The county Board of Supervisors has approved a controversial proposal to build 69 luxury homes near the foot of rugged Encinal Canyon in western Malibu after the developer dropped plans for an 18-hole golf course.
The supervisors voted 3 to 1 Thursday to permit construction of the gated community, tentatively called Rancho Malibu Estates, 3 1/2 miles east of the Ventura County line.
A county commission last year approved a request by the developer--VMS Realty Partners of Chicago and its subsidiary, the Anden Group--to exclude the 270-acre tract from the proposed city of Malibu.
Malibu voters this month approved cityhood and elected a council that is expected to restrict new construction.
Only Supervisor Ed Edelman voted against the housing tract. Supervisor Deane Dana, whose district includes the development site, was joined by colleagues Pete Schabarum and Mike Antonovich in voting for the plan. Supervisor Kenneth Hahn was absent.
Neighboring homeowners protested that the luxury homes will be out of place on the sagebrush-covered hills just north of Pacific Coast Highway.
The homeowners promised to carry their fight to reduce the size of the project to the California Coastal Commission, which will be the final agency to study the proposal. If approved, construction can begin.
The developer had proposed last year to build a golf course and 62 homes. But homeowners complained that the movement of 4 million cubic yards of dirt required by that plan would be an environmental disaster. The Regional Planning Commission rejected that proposal in May, 1989.
Sandy Russell, a member of the La Chusa Highlands Property Owners Assn., told the supervisors Thursday that the new plan is still too large. She said the developer should build fewer homes on smaller lots, to match the density of the rest of the region.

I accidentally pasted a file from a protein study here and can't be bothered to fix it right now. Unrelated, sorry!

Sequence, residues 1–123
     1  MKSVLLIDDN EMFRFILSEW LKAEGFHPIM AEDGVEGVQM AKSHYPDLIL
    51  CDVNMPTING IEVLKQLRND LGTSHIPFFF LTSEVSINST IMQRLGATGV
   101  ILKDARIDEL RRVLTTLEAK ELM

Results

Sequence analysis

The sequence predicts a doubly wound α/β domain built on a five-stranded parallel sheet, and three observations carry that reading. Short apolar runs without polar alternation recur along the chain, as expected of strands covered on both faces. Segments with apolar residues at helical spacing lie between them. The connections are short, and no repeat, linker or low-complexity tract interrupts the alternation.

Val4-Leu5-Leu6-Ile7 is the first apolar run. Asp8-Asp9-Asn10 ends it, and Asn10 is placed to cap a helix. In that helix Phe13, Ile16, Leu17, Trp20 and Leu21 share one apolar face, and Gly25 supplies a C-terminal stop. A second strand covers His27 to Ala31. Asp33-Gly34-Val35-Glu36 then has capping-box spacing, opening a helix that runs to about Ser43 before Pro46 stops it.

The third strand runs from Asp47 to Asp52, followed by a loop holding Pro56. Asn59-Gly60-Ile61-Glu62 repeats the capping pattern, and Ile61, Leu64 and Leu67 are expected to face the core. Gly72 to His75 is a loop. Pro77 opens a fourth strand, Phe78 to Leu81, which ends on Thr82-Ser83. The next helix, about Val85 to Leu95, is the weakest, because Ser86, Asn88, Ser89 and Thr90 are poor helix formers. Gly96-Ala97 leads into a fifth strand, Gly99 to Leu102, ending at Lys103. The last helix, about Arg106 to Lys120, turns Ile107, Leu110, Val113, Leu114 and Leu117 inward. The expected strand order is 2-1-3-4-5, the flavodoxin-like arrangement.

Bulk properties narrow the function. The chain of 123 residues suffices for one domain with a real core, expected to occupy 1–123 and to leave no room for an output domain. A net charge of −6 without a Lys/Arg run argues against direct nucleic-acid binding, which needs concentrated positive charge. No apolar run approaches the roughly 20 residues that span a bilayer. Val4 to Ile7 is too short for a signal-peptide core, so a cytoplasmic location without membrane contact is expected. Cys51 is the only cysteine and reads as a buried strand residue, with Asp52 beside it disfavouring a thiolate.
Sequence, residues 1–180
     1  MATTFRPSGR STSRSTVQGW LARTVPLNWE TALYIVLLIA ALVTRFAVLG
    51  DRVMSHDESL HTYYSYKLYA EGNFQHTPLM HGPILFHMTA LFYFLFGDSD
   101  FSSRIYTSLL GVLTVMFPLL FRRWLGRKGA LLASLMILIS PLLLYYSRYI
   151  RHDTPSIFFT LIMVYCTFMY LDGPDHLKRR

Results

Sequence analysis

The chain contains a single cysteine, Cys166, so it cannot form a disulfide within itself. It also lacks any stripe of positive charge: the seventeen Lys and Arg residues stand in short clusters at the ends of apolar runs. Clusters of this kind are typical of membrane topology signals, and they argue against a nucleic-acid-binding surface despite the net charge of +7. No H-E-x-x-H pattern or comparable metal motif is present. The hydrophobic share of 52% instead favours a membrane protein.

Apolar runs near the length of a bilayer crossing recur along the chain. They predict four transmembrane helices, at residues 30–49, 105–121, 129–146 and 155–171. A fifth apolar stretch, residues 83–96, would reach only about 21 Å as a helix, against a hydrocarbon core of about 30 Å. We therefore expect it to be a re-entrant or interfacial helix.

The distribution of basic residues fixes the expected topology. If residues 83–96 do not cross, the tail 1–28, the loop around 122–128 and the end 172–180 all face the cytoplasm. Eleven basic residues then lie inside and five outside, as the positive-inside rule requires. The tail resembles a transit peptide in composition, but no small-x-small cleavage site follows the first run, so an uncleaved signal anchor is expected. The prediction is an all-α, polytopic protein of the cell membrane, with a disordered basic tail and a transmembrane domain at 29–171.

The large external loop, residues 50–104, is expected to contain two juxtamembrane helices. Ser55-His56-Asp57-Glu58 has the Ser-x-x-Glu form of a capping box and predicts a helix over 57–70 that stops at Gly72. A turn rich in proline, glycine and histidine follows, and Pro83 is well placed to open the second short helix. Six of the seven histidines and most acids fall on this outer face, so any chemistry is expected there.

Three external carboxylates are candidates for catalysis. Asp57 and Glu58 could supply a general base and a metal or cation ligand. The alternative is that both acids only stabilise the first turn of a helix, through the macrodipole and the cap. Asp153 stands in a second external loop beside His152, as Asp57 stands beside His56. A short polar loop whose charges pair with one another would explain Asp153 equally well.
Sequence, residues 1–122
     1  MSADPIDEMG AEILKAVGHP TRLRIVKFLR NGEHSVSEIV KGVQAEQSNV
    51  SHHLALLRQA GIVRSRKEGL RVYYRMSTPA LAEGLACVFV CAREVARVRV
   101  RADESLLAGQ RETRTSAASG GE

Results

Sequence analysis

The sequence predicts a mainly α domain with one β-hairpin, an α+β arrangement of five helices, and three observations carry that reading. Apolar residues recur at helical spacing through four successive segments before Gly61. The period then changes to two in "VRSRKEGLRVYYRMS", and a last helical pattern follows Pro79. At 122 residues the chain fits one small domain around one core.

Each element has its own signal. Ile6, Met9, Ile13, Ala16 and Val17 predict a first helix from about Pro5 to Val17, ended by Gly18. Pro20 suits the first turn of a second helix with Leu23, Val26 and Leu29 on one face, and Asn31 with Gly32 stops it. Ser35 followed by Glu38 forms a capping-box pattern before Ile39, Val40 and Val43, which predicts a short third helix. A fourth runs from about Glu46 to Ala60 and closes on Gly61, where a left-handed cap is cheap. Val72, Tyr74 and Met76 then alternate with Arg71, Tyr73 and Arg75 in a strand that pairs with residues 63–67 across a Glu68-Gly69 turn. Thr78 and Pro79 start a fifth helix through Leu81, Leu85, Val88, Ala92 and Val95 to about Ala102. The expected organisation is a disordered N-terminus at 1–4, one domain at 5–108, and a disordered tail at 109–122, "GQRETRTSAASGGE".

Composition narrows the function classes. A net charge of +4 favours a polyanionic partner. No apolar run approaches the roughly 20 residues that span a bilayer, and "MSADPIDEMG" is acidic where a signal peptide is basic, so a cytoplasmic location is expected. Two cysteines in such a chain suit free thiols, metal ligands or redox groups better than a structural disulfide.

"Something that would be built in Orange County or Pacific Palisades should not be built on a pristine bluff top," Russell said.
She said the new homeowners could be put in danger, in country frequently scorched by brush fires, because only one access road is proposed to the development.
Another homeowner complained that his house would be just 240 feet from the new tract's sewage treatment plant.
"I can't allow this health hazard next to my home," said Don Raby. "With a stiff wind, the effluent will blow right into my home."
A group of 12 Malibu architects submitted a letter to the board, saying the Anden Group could build a more aesthetically pleasing project, and still make money, with half the number of homes.
But Michael B. Rosenfeld, representing the Anden Group, said that in giving up the golf course, the developer has already gone to great lengths to appease homeowners.
The new plan also reduces grading by 58%, cuts water consumption by 70% and increases open space by 28%, Rosenfeld said.
Worries about fire danger and sewage fumes are unwarranted, the developers said, because the county Fire Department and Department of Public Works have scrutinized and approved the plans.
"This project was very carefully and sensitively planned," Rosenfeld said.
The three supervisors supporting the tract said the developers had substantially mitigated complaints by neighbors and that further alterations were unnecessary.
In opposing the project, Edelman said he thinks that it is too dense and does not provide enough open space.
Several homeowners said they hope that the Coastal Commission will be more receptive to their complaints.
"We are very happy that the golf course was deleted," said Russell. "We would still like to see a good reduction, and we hope the Coastal Commission will support us."